Sam Brotman, JD, LLM, MBA August 20, 2021 7 min read

How to Get the IRS to Reconsider a Tax Assessment

Were you audited by the IRS and you disagree with the assessment? Or you forgot to file and the IRS filed for you? Rather making fists in your pockets or doing something more extreme, consider the possibility of obtaining one of three types of IRS reconsiderations.

A reconsideration of your taxes can be obtained through the IRS when it receives information related to the assessment that was not previously considered. In other words, the initial determination is not necessarily the final one.

It is important to note that this must be NEW information that leads the IRS to conclude that the assessment was improper. This is where an experienced tax attorney can help – to demonstrate that you, the taxpayer – could not have presented or did not have the information available at the time the original assessment was made.

I have put together a list of the IRS reconsiderations to help taxpayers  determine whether or not they should apply for one. I urge you to consult with a tax attorney such as myself, before you submit any form of reconsideration, but whether you do or not, after reading my recommendations, I advise you to also study the IRS website. I’ve added several links to help you to decide on the best route.

Audit Reconsiderations

IRS reconsiderations of assessments come in three forms:

  1. Audit Reconsiderations, 
  2. IMF/AUR Reconsiderations, and 
  3. SFR/ASFR reconsiderations. 

Audit reconsiderations are reviews of assessments made during the course of an audit that resulted in an additional liability for the taxpayer. If the taxpayer disagrees with the original determination he/she must provide information that was not previously considered during the original examination.

It is rare for the IRS to reconsider an audit that results in an additional refund for the taxpayer because of the statute of limitations on seeking a refund; however this does occasionally happen. 

IMF/AUR Reconsiderations

If you have a claim for a credit or refund not previously reported or allowed, or a request for reduction of tax, penalty, and/or associated interest, there is a chance that the IRS would respond to an IMF-AUR Reconsideration.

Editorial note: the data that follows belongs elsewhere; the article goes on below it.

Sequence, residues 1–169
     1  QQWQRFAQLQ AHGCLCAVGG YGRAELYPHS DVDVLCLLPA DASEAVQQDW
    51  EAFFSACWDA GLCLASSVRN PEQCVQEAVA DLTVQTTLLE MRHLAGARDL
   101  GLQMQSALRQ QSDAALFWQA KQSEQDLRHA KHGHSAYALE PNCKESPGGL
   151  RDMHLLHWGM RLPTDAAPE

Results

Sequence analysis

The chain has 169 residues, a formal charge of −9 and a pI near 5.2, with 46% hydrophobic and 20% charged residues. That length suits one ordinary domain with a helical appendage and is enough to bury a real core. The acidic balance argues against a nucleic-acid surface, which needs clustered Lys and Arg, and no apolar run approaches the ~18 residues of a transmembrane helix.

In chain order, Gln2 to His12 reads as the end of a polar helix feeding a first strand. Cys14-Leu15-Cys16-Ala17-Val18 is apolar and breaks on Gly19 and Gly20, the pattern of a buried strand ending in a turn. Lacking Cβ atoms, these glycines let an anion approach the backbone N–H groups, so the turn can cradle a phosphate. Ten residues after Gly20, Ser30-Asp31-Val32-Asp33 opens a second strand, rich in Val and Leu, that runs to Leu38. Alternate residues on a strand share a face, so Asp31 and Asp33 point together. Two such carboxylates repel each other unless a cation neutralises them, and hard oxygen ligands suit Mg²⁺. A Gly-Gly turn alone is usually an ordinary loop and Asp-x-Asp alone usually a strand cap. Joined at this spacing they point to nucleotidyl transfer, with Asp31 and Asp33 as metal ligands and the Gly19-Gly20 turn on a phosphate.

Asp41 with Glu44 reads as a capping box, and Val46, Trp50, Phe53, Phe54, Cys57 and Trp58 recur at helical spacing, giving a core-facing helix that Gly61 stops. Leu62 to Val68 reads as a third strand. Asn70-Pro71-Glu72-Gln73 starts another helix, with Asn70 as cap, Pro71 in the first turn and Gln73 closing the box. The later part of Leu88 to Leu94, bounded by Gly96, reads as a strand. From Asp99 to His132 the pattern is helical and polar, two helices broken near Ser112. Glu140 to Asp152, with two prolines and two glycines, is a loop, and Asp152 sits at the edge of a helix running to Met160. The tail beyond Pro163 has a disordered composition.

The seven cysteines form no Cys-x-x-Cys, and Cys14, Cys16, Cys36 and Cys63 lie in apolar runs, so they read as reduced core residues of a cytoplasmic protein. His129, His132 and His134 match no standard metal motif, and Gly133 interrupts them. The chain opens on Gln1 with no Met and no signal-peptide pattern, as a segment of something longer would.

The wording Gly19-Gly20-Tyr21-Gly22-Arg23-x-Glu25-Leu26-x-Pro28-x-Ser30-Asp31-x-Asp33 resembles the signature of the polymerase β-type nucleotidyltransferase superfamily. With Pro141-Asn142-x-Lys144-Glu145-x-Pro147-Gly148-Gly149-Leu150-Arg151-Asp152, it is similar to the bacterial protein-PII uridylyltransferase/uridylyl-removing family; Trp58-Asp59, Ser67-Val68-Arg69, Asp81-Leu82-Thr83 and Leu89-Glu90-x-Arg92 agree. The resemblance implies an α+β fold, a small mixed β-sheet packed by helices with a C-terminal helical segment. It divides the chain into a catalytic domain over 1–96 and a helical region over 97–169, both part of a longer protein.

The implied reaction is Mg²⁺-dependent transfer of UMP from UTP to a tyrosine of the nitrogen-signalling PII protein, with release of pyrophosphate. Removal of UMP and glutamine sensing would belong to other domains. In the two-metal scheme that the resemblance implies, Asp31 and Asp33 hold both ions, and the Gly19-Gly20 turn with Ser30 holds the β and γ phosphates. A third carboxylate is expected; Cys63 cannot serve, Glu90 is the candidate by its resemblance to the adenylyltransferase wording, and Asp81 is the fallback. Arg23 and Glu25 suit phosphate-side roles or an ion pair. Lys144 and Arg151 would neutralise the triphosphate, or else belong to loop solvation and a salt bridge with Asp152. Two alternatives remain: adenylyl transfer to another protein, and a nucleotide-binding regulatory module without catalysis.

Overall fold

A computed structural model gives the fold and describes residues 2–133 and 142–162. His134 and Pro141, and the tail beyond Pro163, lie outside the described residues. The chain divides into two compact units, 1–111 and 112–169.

Failure to summarize all income on Form 1040, Form 1040A, Form 1040EZ, or Form 1040NR is defined by the IRS as an underreported (UR) condition. Tax adjustments can be based on the underreported amounts. The amount can also be modified on the declaration that the taxpayer omitted paying a certain portion such as self-employment tax.

Do you have a claim for a credit or refund not previously reported or allowed, or a request for mitigation of tax, penalty, and/or interest? If so, you will need to file for a BMF-AUR Reconsideration.

There are two main determinants that can strengthen the case for a BMF-AUR Reconsideration:

  1. The Business Master File which contains information the taxpayer reports to the IRS.
  2. The Information Return Master File which contains information reported on Form 1120, U.S. Corporation Income Tax Return, and Form 1041, U.S. Income Tax Return for Estates and Trusts.

SFR Reconsiderations

Finally, SFR (or Substitute for Return) reconsiderations occur when the taxpayer has failed to file a tax return. In a case like this, the IRS files a return for the taxpayer and makes an assessment on their behalf. 

Normally, a taxpayer can trigger an SFR reconsideration simply filing the return in question as the IRS will give preference to the return that was actually filed by the taxpayer over their own estimation. 

For individual and business tax returns that are identified as delinquent, there is an automated program, similar to the SFR. Like the SFT, the IRS computes tax, penalty and interest using the Information Return Program data and makes the assessment for the non-filer.

All of these are the instances where the IRS will reconsider an assessment of a liability and, by default, generally will not reconsider assessments for any other circumstance. 

However, asking the IRS to reconsider an assessment is nevertheless a good strategy to mitigate taxes in certain circumstances. Keep in mind that reducing the underlying assessment will also reduce interest and penalties associated with the account (make sure the IRS calculates these correctly).

The IRS is Not in the Business of Reducing Liabilities

As a final note, the IRS is not in the business of reducing liabilities or giving money back to taxpayers simply because they ask. Many abatement requests are therefore denied or taxpayers fail to submit them properly.

Although many IRS problems can be handled on your own, I strongly recommend consulting with a tax professional if you are considering submitting a reconsideration request. The professional will likely have a good understanding of the procedural requirements and any pitfalls you many encounter, and can walk you through the process.

Obviously, there may be some out-of-pocket expenses associated with hiring a tax professional, but their help can substantially increase the likelihood that your request will be reconsidered. The potential tax savings often outweigh the costs in these circumstances.

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Sam Brotman, JD, LLM, MBA

Owner and Director of Legal
Brotman Law

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